There are a lot of preconceived notions out there about what type of diet is best. The fact is that everyone has their own opinion. Even health and nutrition professionals have differing opinions on what type of diet is best. One of the best things you can do for your health is to find what diet works best for your individual health and fits your lifestyle.
Nutrition science is a field of study that looks at how food affects health and disease. One topic that is often studied is the link between food and cancer. According to the National Institute of Health, approximately 39.5% of people will be diagnosed with cancer at some point during their lives. 1 The top four most common cancers are breast cancer, lung cancer, prostate cancer, and colon cancer. Cancer is one of the leading causes of death worldwide. 1 A recent research article published in the BMC Medicine journal in February 2022, analyzed the risk of cancer in regular meat eaters, low meat-eaters, fish-eaters, and vegetarians.
The researchers collected data from 472,377 participants who were cancer-free at the beginning of the trial. The participants completed a dietary questionnaire and were categorized into groups of regular meat eaters, low meat-eaters, fish-eaters, and vegetarians. A follow-up was completed with the participants after approximately 11 years. It was found that out of the 472,377 participants, there were 54,961 incidents of cancer during those 11 years. The analysis of data showed that when compared to regular meat-eaters, low meat-eaters, fish-eaters, and vegetarians all had a lower risk of cancer. 2 Among the cancer incidents, the three prominent types of cancer found were:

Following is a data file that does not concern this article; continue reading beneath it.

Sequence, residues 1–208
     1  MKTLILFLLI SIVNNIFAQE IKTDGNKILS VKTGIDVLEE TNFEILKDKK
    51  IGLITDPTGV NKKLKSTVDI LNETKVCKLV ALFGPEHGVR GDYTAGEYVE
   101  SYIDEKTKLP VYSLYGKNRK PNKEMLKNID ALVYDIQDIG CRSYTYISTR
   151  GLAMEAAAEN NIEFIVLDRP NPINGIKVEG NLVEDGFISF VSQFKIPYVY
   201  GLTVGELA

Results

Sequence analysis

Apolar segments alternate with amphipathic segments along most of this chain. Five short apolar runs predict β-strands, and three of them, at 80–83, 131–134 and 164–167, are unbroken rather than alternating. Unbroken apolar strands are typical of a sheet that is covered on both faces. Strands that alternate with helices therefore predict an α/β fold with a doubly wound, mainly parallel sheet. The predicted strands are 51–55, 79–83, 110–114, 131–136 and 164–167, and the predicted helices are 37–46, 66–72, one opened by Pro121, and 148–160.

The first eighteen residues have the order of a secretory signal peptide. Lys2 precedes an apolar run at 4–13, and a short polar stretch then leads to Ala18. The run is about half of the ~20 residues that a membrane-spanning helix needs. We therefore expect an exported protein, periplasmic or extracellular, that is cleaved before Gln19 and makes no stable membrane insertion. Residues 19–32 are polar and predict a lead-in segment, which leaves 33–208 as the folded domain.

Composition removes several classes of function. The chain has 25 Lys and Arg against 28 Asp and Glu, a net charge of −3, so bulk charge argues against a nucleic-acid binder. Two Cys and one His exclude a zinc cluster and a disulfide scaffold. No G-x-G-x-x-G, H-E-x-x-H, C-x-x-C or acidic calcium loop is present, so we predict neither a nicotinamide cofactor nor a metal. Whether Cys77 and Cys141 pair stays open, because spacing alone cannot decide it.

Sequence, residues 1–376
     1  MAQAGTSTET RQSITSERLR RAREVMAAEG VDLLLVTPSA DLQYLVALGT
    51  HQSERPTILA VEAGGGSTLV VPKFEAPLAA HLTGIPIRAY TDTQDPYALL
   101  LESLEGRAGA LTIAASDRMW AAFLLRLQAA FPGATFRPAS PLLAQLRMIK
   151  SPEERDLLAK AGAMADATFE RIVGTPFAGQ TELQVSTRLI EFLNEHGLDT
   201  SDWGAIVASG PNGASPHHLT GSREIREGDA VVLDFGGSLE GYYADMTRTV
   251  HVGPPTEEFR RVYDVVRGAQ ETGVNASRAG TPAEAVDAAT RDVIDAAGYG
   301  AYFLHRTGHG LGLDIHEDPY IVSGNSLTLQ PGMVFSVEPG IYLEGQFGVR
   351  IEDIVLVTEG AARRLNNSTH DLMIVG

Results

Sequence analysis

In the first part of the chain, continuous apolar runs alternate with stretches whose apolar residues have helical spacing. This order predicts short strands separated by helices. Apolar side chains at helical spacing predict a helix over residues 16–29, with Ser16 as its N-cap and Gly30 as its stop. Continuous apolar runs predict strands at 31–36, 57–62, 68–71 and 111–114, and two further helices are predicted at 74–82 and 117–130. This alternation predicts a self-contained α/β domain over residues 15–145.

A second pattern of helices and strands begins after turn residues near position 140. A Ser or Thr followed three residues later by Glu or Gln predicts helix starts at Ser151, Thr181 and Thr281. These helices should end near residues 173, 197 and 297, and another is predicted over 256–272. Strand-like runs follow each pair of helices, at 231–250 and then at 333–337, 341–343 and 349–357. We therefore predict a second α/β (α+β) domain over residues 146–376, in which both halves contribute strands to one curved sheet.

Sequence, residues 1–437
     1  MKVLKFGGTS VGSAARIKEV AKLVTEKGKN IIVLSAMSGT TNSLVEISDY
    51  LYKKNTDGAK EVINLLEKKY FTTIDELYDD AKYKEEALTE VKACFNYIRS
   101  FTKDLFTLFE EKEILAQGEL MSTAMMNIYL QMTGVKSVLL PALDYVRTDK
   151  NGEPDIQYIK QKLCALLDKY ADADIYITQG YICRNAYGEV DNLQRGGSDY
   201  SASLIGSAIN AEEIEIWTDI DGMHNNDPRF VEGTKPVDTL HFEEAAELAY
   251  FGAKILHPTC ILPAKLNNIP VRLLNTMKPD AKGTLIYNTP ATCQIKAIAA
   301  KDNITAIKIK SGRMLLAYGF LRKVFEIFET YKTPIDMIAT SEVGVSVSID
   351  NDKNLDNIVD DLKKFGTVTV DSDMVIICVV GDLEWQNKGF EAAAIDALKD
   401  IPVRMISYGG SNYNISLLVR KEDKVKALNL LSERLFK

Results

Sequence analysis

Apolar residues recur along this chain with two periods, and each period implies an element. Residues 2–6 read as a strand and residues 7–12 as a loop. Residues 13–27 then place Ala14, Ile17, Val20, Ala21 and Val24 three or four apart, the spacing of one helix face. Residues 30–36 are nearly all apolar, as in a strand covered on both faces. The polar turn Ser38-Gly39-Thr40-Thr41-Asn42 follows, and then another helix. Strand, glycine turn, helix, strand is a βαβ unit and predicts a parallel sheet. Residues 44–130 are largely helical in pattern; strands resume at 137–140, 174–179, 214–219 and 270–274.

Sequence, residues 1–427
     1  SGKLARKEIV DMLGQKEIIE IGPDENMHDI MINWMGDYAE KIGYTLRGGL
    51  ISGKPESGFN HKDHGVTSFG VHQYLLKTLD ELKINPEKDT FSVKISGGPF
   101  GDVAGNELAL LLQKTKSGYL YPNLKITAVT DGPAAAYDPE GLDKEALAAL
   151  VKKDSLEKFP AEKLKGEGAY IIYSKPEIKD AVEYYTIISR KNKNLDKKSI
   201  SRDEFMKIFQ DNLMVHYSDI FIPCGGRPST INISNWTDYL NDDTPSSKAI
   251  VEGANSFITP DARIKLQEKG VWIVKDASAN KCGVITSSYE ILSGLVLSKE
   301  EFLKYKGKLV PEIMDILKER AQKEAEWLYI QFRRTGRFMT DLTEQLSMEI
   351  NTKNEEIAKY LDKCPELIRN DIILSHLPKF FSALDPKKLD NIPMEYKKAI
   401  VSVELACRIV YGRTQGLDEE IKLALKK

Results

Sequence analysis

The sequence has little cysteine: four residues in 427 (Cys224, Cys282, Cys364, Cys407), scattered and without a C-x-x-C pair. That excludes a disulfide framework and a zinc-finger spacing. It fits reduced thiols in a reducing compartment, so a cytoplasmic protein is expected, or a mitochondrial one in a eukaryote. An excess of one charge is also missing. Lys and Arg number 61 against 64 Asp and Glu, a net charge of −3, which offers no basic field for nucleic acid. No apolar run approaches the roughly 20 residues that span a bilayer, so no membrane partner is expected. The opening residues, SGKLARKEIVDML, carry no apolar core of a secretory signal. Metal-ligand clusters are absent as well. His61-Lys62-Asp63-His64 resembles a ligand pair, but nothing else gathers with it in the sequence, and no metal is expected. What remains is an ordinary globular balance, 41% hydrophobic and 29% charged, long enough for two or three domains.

- 5,882 cases of colorectal cancer
- 7,537 cases of postmenopausal breast cancer
- 9,501 cases of prostate cancer 2
The Bottom Line
This research study suggests that eating less meat may lower the risk of developing cancer. Diet is an important part of health. Maintaining a good diet should not be about having a certain body appearance, it is about staying healthy and preventing disease. Find what diet works for your life and individual health needs.
- Cancer statistics. National Cancer Institute. (n.d.). Retrieved July 14, 2022
- Watling, C.Z., Schmidt, J.A., Dunneram, Y. et al. Risk of cancer in regular and low meat-eaters, fish-eaters, and vegetarians: a prospective analysis of UK Biobank participants. BMC Med 20, 73 (2022)